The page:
Dry scraping the ice before overtime will be among the topics discussed at Tuesday's NHL general managers meeting.

For the first time, regular-season games pause before overtime so the ice can get a "dry scrape." The hope was to improve the quality of play and reduce the number of shootouts deciding games.

Early evidence suggested that it — along with changing ends in overtime — was working. But GMs will discuss the dry scrape because of the time it's adding to games and the possibility that it stops momentum at the end of regulation.

"That's an interesting one," Calgary Flames GM Brad Treliving said Monday at the Prime Time Sports Management Conference. "It used to break up between overtime and the shootout. Now it kinds of breaks up between the game and overtime. But the ice is better."

Some players have complained about the dry scrape, which seems to delay overtime four to six minutes after the third period ends.

Deputy commissioner Bill Daly said getting rid of the dry scrape is "one possibility." That would require approval of the GMs, board of governors and players' association.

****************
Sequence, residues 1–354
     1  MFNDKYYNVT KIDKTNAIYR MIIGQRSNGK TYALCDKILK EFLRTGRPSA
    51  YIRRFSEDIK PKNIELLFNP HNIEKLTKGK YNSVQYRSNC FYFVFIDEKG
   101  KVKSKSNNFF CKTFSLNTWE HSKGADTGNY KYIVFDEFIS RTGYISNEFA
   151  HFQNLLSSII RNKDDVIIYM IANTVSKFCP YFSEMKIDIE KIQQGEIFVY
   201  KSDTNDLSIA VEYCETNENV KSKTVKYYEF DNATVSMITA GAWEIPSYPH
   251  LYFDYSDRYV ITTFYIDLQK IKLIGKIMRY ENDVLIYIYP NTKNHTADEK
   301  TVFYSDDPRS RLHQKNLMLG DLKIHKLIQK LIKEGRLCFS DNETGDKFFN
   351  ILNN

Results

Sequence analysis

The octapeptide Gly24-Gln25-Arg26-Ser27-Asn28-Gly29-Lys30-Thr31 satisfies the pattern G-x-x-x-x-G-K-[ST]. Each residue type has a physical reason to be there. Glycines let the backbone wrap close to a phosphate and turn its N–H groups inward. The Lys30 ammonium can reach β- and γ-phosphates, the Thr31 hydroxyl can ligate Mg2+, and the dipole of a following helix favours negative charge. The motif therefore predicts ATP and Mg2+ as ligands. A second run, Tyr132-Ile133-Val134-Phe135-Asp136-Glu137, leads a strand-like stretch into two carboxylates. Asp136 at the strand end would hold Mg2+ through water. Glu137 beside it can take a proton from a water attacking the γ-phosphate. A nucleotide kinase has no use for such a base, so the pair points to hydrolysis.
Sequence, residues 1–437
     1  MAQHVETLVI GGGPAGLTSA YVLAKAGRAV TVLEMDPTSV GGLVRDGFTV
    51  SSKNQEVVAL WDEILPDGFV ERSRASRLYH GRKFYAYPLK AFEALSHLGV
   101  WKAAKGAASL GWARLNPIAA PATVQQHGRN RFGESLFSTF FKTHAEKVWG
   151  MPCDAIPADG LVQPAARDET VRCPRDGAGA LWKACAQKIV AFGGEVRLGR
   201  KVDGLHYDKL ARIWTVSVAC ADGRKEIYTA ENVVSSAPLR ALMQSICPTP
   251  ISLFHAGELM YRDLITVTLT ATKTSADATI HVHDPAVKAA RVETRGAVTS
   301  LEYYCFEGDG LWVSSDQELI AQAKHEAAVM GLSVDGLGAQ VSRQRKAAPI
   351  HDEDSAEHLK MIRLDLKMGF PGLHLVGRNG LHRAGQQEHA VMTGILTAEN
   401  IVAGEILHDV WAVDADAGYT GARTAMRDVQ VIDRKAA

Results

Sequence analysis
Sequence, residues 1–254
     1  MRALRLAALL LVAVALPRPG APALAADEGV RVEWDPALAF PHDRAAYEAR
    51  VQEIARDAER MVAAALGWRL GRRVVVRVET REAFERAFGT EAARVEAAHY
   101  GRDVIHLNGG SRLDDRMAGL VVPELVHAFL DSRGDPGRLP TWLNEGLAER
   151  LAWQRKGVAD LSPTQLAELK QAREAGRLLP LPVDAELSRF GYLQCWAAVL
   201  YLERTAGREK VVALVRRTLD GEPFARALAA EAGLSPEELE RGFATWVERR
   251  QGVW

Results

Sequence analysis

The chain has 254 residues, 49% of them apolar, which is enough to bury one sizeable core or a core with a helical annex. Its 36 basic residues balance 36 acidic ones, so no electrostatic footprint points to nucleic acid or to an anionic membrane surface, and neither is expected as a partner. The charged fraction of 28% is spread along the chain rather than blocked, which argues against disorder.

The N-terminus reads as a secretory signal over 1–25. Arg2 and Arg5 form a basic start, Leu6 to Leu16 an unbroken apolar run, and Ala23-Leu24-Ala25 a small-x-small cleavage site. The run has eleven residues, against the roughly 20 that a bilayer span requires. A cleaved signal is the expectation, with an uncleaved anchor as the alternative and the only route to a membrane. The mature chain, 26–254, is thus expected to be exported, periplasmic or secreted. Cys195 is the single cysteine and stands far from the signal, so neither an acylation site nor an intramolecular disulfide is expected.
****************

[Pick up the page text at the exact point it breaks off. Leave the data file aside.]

The Ontario Hockey League got rid of the dry scrape in early October. At the NHL level, there may not be enough momentum to cut the dry-scrape experiment shorter than at least this season.

"It doesn't bother me one bit," Montreal Canadiens GM Marc Bergevin said.

Another topic expected on the agenda again is three-on-three play in overtime. The American Hockey League is trying it this year, and a prospects tournament in Traverse City, Michigan, also experimented with it.

Detroit Red Wings GM Ken Holland has long been a proponent of using three-on-three in NHL overtime. But Daly questions whether such a format would win wide support.

"I know there continues to be some resistance to that happening," he said.